For me, applying the Glycemic index to the PCF ratio made the PCF ratio even better. Now I try to make sure most of the carbohydrates I consume are low on the glycemic index. The glycemic index is a ranking of carbohydrate foods by how quickly they raise blood glucose. A big surprise here is that sugar, while bad for raising blood glucose is not the worst culprit. Again it is not even as simple as sugars since there are many varieties of sugar and they all have different glycemic index ratings. There are foods such as high amylose rice and many varieties of potato that are higher on the glycemic index than is all sugars.

Even the glycemic index combined with the PCF ratio is not a complete answer. Research that has come to light in the past 5 years adds another layer to the complexity of proper meal planning. The new research has identified inflammations as a common thread in a number of chronic diseases. Reducing inflammation with an anti inflammatory diet can help reduce the inflammation but it again is not a complete answer. It is possible to only eat anti inflammatory foods but not have them in the proper balance. And it is also possible to have anti inflammatory foods that are higher glycemic. I am hoping instead of getting discouraged at this point you are starting to see that a good dietary strategy takes into account several different elements.

Beyond the ideas already mentioned, there are certain foods that are helpful because of their ability to assist in controlling blood glucose such as cinnamon, buckwheat, beans, prickly pear cactus and a number of others. There is also research that says vitamin D is very helpful as well as getting other vitamins and minerals in balance. There is a proper balance between sodium and potassium and potassium helps in the transport of blood glucose into the cells. Other minerals are also very helpful such as chromium, magnesium and others.

There are many websites selling magic cures and tell you, “If you just buy and use my product your diabetes will be well controlled or cured.” It has become fairly obvious to me and I hope to you also that there is not one simple answer but rather a complete strategy for controlling type 2 diabetes that takes into consideration many factors. There are many giving advice. When checking the advice being given first consider if they are trying to sell you something. Are they just talking the talk or do they also walk the walk?

I know this article probably raises more questions than it answers. I wrote a small book on the subject and that took over 160 pages. I maintain a website at Diabetic-Diet-Secrets.com where I try to share all I have learned and it is well over 1000 pages and I am sure I have not answer everything as I am always getting questions that are not covered on the site. The site has over 13,000 links. Many of those links are to sites that I have found helpful and focus on a specific area. The point I am trying to make is there is a lot to learn. Probably the most important thing I have learned is there are no silver bullet answers. With all I have already learned I know there is still a lot to learn. I often get questions that stump me and I have to go digging for the answers and those searches usually bring up more questions.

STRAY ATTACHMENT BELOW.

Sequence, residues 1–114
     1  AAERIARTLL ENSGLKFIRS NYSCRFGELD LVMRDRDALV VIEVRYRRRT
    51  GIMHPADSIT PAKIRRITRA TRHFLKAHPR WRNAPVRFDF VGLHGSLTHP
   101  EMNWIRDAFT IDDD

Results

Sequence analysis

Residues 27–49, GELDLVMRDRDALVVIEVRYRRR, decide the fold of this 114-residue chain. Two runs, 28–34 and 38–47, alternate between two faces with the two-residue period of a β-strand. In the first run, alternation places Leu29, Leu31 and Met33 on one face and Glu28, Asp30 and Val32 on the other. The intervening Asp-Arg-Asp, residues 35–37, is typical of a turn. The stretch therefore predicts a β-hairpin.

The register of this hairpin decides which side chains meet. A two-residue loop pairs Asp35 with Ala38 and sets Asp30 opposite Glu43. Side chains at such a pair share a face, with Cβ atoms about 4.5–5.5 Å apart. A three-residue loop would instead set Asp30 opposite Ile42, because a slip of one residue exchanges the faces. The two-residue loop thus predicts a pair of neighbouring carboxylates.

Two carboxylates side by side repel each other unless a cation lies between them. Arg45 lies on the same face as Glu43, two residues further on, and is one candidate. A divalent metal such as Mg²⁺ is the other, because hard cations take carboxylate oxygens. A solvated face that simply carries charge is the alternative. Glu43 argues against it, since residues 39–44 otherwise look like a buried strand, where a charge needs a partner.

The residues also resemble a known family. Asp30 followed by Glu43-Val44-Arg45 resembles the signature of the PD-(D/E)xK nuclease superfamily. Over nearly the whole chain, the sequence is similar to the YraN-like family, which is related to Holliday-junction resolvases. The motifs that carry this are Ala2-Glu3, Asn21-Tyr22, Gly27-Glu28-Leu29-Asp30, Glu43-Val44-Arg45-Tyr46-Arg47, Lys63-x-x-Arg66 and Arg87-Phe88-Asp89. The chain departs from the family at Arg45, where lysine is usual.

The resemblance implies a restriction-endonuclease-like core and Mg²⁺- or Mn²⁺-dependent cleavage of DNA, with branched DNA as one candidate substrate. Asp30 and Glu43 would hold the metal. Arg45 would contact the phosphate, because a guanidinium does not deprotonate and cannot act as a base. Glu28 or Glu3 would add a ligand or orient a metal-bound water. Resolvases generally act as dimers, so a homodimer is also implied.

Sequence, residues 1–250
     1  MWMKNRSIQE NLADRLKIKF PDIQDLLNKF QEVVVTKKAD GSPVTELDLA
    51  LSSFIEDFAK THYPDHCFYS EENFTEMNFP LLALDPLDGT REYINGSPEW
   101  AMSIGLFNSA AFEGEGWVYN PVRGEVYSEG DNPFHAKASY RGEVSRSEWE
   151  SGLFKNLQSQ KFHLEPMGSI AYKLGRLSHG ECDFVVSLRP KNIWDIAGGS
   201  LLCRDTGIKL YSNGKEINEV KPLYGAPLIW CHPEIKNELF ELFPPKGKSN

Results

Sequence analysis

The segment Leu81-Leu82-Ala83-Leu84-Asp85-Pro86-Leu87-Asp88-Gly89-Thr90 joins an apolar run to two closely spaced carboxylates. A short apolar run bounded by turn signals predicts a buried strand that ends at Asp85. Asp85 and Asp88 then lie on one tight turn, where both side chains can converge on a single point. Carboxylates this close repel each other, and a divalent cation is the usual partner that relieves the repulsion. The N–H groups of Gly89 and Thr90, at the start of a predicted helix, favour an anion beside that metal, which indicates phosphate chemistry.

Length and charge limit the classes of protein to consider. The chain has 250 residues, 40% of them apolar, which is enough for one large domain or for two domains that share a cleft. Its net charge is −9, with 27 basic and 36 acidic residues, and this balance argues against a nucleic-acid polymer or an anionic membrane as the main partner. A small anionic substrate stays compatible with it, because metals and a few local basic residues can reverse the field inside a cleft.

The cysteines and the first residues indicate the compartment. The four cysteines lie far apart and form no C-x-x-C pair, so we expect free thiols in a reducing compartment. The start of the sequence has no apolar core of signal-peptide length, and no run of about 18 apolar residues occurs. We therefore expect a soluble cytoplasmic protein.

When I am discussing diabetic information with people I consider diabetic experts I still find areas where they are in disagreement and I even find myself disagreeing with experts I highly respect on certain points. Learning to control type 2 diabetes is a journey. My best advice is to select a guide that has already successfully traveled the path you are on to better health. Good luck and here’s to your health.


3 replies

jupton1
jupton1 2008-06-24 08:14:46 -0500 Report

My A1c is at a 6 & to be honest with people I just eat right I dont exercise that much .I dont eat anything with sugar.I have planed on starting to lift some weights..John

tmana
tmana 2008-06-24 01:35:00 -0500 Report

I think there was a lot of info in the "exchange" system that either got simplified out (standard "carb exchange") or was made overly complex ("fatty proteins", "moderately fatty proteins", "lean proteins") along the way. One thing that I really don't agree with is the idea that one can interchange one type of carb for another: it leads to people eating, say, eight (15-g-carb) starch exchanges instead of three starch, three (15-g-carb) fruit, and six (5-g-carb) vegetable exchanges.

The thing that really helped me was being put on 1000 mg/day sodium restriction at the same time, since it meant I could not eat anything pre-packaged, and I could eat very little bread (which is quite high in sodium). It brought me back to eating whole foods, which tend to be lower glycemic load, lower in sodium, and higher in potassium, vitamins, and minerals.